A bold and brash narrative is something you just expect from a Spike Lee movie.
And that’s exactly what the famed director delivered in BlacKkKlansman, an incredible true story about a black police officer going undercover as a Klansman.
It’s the early 1970s, a time of great social upheaval as the struggle for civil rights rages on. Ron Stallworth (John David Washington) becomes the first African-American detective on the Colorado Springs Police Department, but his arrival is greeted with skepticism and open hostility by the department’s rank and file.
Undaunted, Stallworth resolves to make a name for himself and a difference in his community. He bravely sets out on a dangerous mission: infiltrate and expose the Ku Klux Klan.
Posing as a racist extremist, Stallworth contacts the group and soon finds himself invited into its inner circle. He even cultivates a relationship with the Klan’s Grand Wizard, David Duke (Topher Grace), who praises Ron’s commitment to the advancement of White America. With the undercover investigation growing ever more complex, Stallworth’s colleague, Flip Zimmerman (Adam Driver), poses as Ron in face-to-face meetings with members of a hate group, gaining insider’s knowledge of a deadly plot.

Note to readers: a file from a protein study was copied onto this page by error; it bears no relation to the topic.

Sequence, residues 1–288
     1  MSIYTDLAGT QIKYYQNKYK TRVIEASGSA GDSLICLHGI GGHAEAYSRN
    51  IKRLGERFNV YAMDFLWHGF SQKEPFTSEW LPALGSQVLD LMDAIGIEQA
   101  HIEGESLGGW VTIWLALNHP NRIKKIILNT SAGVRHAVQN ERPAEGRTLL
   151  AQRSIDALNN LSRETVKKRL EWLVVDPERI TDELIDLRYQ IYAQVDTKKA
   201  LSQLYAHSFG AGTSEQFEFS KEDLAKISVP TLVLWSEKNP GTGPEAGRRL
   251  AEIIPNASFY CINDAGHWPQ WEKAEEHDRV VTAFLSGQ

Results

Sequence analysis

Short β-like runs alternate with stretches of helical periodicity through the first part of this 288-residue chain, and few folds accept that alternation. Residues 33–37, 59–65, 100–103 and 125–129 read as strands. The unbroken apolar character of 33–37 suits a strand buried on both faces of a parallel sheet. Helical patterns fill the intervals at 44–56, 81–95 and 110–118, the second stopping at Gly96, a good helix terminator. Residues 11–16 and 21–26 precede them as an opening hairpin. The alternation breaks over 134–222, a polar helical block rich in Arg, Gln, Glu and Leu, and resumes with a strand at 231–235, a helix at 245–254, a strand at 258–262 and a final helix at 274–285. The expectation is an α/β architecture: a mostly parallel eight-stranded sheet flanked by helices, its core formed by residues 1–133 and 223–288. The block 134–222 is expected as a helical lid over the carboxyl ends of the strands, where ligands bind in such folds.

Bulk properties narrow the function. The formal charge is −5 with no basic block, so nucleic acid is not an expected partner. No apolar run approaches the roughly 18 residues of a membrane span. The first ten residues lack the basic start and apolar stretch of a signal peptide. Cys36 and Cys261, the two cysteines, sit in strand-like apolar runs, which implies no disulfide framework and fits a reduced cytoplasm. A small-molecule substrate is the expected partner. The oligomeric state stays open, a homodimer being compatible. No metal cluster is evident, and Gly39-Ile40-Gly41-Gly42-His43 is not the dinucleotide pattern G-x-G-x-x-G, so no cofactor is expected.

Together, Stallworth and Zimmerman team up to take down the organization whose real aim is to sanitize its violent rhetoric to appeal to the mainstream.
While pulling from a storyline nearly 50 years old, the provocative dive into racism in America seems to be just as bracingly relevant today.
And while Spike Lee is well known to prod and provoke audiences with his films, like Do The Right Thing, this movie was actually a bit more subtle. Simply put, with plenty of innate humor, the film deals with racism as it was back then, and how little has changed.
But don’t get me wrong. This movie requires you to take a good look at racism – both in yesteryears and today. It packs a serious punch and demands your attention about real events, especially at the end during a flashing of recent news headlines.
To be honest, I am not sure how I felt about the movie.
The acting was fantastic, the storyline was entertaining; I laughed, I cried; but I also walked out of the theater with such a heavy heart. And while that is neither a good or a bad thing, I am not entirely sure it’s why I go to the movies.
Focus Features will release BlacKkKlansman on Aug. 10.